Thanks for bringing to light how fraudulent this whole system is. I think what saddens me most is how the vast majority of college athletes are being required to work and sacrifice for their teams (often at the expense of their long-term education and well-being) while receiving very minimal economic benefit. No real other comment here, just wanted to recommend to you one of my all-time favorite long-form articles, The Shame of College Sports (here: http://www.theatlantic.com/magazine/archive/2011/10/the-shame-of-college-sports/308643/ ). It’s a few years dated now, but covers very thoroughly many of the issues you discuss here.
I doubt I’ll be able to convince you otherwise with just words, but I’ll do my best! I agree, $34 per class is expensive by any standard. But whether or not you can justify paying that number depends on whether or not you value the FULL EXPERIENCE that SOUL offers. Why do people pay $3 for a bottle of Fiji water when tap is free? Why do people pay $5,000+ for an Hermes bag when they can go to Macy’s and find dozens of options for under $50? As we talked about in marketing, companies can find a way to (successfully) to price their products / services at a premium if they can convince their customers that they’re selling more than just water / a handbag / a workout. In this case, someone who’s looking to sweat isn’t going to be a SOUL customer. But for someone who doesn’t normally enjoy working out and enjoys a high-touch, personalized experience, paying up for SOUL may make some sense…
Separately, I generally agree with your second comment regarding SOUL’s ability to scale outside major metros. You definitely need to be located in a pretty high-end demographic to make the box economics attractive. SOUL’s S-1 states that they believe they have enough runway to grow to 250 domestic locations (up from 47 today). While I’m not sure I’d peg it at such a high number, at their current pace of opening ~10 stores / year, that’s still MANY years of new store growth left just in the U.S.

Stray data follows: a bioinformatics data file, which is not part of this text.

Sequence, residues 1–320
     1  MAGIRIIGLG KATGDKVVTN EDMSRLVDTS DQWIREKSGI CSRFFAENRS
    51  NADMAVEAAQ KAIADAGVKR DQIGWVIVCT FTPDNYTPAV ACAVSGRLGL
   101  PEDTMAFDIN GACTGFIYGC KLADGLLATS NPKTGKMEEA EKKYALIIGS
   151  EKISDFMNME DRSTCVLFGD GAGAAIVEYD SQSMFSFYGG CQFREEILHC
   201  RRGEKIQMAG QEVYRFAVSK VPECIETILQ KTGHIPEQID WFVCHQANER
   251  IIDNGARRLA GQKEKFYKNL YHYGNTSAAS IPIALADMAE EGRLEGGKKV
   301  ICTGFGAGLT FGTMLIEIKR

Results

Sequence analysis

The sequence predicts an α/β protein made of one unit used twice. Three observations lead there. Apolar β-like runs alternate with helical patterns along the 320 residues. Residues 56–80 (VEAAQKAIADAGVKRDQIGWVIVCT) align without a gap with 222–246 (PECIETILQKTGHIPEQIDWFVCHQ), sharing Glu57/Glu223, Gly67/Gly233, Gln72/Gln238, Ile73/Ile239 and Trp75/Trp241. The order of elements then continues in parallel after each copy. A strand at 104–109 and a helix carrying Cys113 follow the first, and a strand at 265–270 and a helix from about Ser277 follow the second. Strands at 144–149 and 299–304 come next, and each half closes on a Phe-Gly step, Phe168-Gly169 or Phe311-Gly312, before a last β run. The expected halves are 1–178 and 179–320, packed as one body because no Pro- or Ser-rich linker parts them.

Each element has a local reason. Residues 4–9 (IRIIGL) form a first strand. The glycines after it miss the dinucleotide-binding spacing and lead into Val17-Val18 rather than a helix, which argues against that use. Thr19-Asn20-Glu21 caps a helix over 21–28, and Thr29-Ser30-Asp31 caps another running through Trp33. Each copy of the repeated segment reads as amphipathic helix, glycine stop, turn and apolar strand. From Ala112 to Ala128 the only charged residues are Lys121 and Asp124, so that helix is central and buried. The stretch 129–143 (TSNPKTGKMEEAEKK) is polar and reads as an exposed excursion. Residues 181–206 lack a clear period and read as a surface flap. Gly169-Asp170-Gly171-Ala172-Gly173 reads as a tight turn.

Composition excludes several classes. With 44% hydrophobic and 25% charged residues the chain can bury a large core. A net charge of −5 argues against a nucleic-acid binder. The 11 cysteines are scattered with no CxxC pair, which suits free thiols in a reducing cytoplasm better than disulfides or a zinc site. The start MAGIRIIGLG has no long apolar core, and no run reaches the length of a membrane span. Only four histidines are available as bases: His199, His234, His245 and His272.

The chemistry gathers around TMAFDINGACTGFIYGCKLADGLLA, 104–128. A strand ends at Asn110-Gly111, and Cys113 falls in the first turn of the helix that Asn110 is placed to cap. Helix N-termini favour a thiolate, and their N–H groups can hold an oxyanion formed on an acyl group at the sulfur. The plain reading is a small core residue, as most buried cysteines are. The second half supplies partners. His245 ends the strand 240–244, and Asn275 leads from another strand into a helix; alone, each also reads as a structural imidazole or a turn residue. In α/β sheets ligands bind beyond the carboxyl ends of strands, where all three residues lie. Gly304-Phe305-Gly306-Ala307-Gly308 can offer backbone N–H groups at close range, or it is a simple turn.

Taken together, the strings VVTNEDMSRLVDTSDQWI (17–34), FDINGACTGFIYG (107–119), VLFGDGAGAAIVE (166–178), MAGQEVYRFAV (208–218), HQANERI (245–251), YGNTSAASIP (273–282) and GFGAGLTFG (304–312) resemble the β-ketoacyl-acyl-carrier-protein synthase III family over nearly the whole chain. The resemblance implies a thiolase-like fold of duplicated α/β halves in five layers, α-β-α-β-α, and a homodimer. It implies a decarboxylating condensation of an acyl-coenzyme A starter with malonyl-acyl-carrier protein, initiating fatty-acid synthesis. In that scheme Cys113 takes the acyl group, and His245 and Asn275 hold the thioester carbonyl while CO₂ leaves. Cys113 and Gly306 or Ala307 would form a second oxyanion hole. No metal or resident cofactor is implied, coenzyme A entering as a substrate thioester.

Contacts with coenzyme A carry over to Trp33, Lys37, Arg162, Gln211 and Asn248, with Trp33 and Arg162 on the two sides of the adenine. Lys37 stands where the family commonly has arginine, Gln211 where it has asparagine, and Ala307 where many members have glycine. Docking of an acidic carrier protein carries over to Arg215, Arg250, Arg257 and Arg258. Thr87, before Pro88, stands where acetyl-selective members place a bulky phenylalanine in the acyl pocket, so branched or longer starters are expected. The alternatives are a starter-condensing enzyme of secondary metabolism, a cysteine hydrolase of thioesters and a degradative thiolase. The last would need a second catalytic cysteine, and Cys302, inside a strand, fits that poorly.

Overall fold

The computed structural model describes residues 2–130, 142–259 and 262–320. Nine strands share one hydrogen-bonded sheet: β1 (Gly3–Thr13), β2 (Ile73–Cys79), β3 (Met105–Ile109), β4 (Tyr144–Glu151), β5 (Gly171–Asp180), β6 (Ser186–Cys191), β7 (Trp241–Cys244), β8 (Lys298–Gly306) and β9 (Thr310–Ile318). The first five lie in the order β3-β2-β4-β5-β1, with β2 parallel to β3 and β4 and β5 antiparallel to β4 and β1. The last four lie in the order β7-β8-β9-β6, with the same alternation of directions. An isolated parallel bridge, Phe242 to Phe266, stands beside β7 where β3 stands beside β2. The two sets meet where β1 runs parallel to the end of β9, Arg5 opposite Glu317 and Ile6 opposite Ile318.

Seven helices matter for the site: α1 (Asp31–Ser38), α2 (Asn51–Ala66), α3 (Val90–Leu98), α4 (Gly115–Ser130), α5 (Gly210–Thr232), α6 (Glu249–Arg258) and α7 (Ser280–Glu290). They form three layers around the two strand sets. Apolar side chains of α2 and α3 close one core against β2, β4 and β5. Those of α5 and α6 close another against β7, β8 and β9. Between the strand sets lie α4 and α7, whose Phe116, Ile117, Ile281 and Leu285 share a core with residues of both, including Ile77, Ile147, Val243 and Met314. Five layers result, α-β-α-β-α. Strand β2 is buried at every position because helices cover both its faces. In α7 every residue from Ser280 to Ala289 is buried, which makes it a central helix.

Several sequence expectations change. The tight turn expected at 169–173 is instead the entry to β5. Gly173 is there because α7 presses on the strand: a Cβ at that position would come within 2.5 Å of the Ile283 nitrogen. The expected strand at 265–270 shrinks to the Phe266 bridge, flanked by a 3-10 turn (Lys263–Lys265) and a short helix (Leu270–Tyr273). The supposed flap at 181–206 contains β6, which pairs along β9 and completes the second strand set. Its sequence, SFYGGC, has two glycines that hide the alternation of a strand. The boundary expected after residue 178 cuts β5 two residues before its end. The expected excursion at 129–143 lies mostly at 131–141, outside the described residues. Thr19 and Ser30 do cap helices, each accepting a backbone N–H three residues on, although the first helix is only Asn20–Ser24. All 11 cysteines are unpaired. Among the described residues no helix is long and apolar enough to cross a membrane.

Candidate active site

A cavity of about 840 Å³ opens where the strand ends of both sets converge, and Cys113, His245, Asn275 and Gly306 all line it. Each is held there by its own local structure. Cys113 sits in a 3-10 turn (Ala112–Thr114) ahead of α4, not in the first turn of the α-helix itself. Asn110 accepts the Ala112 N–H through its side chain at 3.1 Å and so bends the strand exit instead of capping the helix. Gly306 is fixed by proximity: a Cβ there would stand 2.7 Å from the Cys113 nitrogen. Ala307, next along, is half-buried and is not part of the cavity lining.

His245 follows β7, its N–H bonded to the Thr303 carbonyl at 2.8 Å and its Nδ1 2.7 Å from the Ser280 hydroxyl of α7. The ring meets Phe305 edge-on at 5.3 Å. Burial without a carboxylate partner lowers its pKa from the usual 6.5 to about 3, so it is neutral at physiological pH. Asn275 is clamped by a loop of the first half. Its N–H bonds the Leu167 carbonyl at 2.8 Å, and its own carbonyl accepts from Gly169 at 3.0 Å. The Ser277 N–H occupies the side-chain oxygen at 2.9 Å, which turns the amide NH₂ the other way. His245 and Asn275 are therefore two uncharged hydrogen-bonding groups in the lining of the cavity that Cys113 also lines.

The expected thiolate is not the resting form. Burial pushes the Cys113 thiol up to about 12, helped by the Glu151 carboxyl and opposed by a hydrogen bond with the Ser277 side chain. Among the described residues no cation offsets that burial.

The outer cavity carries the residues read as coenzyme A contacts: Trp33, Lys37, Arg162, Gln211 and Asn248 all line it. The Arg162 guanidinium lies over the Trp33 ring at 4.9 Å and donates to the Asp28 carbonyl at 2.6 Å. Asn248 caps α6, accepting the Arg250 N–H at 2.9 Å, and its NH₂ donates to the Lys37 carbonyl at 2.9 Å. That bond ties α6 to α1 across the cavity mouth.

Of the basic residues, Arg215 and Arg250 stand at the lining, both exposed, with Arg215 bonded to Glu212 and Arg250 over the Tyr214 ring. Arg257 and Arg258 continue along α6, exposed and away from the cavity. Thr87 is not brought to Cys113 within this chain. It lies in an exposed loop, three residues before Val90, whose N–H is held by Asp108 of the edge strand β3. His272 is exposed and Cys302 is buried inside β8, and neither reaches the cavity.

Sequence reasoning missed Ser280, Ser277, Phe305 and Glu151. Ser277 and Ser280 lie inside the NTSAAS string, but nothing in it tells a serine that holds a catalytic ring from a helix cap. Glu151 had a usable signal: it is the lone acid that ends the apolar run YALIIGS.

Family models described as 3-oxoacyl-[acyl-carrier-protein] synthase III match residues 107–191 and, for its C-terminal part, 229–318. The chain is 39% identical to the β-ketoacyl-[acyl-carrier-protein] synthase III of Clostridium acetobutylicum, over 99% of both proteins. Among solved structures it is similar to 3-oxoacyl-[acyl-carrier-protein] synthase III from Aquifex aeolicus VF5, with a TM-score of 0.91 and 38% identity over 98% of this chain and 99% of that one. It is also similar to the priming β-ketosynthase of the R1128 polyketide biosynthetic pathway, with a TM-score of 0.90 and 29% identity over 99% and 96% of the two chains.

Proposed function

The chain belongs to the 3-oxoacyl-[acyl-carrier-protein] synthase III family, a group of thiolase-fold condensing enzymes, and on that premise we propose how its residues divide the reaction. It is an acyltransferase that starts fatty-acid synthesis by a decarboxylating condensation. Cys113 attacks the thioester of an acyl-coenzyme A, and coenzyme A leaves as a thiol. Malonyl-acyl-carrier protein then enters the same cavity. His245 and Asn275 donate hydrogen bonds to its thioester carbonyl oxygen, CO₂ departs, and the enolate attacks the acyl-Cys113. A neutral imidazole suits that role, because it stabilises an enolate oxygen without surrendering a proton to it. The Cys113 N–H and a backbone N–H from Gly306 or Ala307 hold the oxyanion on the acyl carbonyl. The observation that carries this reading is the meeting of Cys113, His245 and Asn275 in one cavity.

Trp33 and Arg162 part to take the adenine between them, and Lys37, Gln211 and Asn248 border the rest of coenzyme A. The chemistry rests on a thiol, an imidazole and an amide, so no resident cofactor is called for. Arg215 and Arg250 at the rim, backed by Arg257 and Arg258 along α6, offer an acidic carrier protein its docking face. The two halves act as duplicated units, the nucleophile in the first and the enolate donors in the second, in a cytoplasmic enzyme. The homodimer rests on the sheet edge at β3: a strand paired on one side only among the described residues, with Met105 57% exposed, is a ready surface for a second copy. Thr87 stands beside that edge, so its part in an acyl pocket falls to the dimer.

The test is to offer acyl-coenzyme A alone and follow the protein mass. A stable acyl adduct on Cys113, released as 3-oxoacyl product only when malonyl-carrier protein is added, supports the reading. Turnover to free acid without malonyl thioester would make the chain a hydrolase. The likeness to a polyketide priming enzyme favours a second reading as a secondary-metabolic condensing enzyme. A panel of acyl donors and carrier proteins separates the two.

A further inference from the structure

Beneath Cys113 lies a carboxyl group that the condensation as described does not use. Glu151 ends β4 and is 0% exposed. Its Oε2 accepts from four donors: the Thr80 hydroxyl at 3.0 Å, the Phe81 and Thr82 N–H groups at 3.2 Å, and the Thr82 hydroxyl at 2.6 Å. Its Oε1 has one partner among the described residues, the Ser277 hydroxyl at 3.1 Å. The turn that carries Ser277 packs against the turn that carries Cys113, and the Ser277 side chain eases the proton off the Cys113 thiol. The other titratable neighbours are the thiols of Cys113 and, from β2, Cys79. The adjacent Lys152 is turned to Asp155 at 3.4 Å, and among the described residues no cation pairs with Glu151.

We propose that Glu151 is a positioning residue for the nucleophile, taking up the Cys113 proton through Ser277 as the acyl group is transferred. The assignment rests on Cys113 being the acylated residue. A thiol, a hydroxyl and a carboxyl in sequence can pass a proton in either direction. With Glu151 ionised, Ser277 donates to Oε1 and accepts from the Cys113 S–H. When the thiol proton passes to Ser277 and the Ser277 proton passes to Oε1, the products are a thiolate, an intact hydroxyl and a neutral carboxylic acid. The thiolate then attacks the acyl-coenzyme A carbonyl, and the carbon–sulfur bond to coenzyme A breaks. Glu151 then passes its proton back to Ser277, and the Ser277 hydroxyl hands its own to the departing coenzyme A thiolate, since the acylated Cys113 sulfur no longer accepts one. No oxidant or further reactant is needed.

This business sounds INCREDIBLE. Agree with the above comments that the very intentional focus on customer experience and operations makes this feel a lot like Benihana. But they seem to have taken it to a whole new level with this waiting area concept, that’s a full 1/3 of the entire store! In a way, they’ve almost pivoted away from the hot pot business and are just in the “Hai Di Lao” business, where customers expect to spend two hours, one getting a manicure / massage and the second eating. All of these “free” add-on services are also a way for people to justify paying top dollar for hot pot (which, as you state, is otherwise pretty undifferentiated).
Numbers probably aren’t public but I’d love to know what the financial health of this business looks like. Is the investment in such a large waiting area and extra staff worth it to justify (only) a 20-30% pricing premium? Do they have room to push this up given how differentiated their customer value prop is?
In any case, thanks for opening our eyes to such a unique concept. Can’t wait to try one out one day and see it in action!
Really interesting to see how Planet Fitness has disrupted the “lower end” of the fitness industry. Their real estate / store layout strategy that you detail above reminds me a lot of the business I wrote about (SoulCycle), even they they serve completely opposite ends of the market! Both businesses have really focused in on the features that their customers want and stripped away the unnecessary amenities so that they can have small boxes and maximize productivity. Makes me worry about the health of the big box gyms that try to be everything to everyone (e.g., 24 Hour Fitness, Gold’s Gym, etc.). Like a lot of other consumer-facing industries, feels like there’s been a real bifurcation in spending with high end and low end doing well and the middle being squeezed…